Originally, I had some narrative accompanying the images above, but the text wrap function in typepad is so appalling, I gave up. You can see what it's about: moving house.
I went back to Alice for about five days over last weekend to pack up my place, turn it into a semi-furnished rental unit, then leave town. I left so quickly, I possibly had too little time to savour the loss.
I've many regrets about leaving so quickly, but how can you best leave a place? Perhaps it's best to pull the plug swiftly. While I was back in Alice, I had passing thoughts about how it was probably my last time standing behind Aboriginal people in an IGA in a good while. About how 'filmic' much of Alice was, especially driving down the gum tree-lined boulevard towards the Gap at sunset. I had hopes of riding a different mountainbike track every evening, but only got in a couple of rides. Still, how many last times can you climb Mt Gillen or ride the Simpsons Gap bike path?
Moving house itself was hard labour. I found my hands and feet aching at the end of each day, possibly from packing so many books and walking up and down stairs so many times. Many of my muscles still ache, and I'm too tired to go to yoga, swim, etc. I know I'll be equally exhausted when the rest of my stuff arrives next week and I whip myself up into a frenzy unpacking it (as I will).
I'm surprised I managed to pull the whole thing off (with the help of my friends), but these things always do happen in the end. I only felt I truly lost my cool once. Qantas requires that you transport bikes in simply huge boxes that you must buy from them. The boxes are much bigger than anything a bike shop would provide. The upside is that there's enough room for accessories. Apart from it's not fitting through airport doors, unless you take it off the trolley and carry it side on, the box blocks visibility when you pack it in the back of a small car like mine. When I got the box at Melbourne airport, I tore it to strips in the car park, unable to stand its unmanoeuvreability any longer.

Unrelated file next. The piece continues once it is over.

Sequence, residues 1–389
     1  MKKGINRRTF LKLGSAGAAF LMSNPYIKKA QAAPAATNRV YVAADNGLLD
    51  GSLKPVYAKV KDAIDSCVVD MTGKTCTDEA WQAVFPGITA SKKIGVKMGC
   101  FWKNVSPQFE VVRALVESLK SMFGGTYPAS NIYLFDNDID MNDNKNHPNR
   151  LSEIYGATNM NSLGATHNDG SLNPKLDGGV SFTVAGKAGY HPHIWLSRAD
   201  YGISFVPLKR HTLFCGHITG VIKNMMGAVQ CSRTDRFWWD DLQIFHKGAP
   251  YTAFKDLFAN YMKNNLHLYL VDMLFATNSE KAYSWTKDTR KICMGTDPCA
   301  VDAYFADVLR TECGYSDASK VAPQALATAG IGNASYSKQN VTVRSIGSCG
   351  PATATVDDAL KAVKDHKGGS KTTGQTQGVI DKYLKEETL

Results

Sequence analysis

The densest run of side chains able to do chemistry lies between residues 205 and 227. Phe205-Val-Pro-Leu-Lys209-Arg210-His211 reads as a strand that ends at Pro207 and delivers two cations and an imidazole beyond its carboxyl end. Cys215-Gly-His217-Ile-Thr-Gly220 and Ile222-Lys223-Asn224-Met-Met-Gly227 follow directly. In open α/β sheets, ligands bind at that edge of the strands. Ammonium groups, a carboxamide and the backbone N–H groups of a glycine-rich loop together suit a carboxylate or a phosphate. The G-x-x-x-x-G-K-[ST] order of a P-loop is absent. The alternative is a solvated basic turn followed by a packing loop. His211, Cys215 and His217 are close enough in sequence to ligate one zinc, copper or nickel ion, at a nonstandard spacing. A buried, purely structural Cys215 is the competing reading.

When I arrived in Melbourne, I found that the axle of one of my wheels was bent, I suspect from the box being dropped on its side. This is despite me packing the bike carefully with bubble wrap and using cat-beds for padding. So you can never plan for every eventuality.
And how did the cats take the move? Lulu was hysterical, once the house was empty, making various attempts to escape into the neighbourhood, at one point getting a paw stuck in the closed cat-door. I've always thought that her owners left town without her, probably dumping her in a local car park. Now I think she might have shot off by herself. I let her have her own cage on the plane flight and packed the others into a hired crate. Lulu made a nest of newspaper around herself so you couldn't see her, and regressed to her kittenhood ways on arrival, jumping on benchtops and howling, and trying to squeeze behind the back of the fridge and stove. Otty made strange honking sounds like a goose when I put him in his box, then went deadly silent for the rest of the journey. Jessie travelled best of all, but then if you're deaf and demented, you're probably pretty oblivious to what's going on around you. She was greatly admired by the freight people as the cat who was still travelling by air in her 18th year. But as I said on FB, none of them pissed in their boxes during the entire three-and-a-half hour flight (in fact, the whole 6 hours or so of travel).
Since then, Otty has taken up residence behind the TV, Jessie is perhaps happiest of all, ensconced on my bed, and Lulu is watching Other Cats from the balcony. I'm sitting on the balcony myself, with some of my staples: my bike, my cat, my laptop, my swag and a cup of coffee.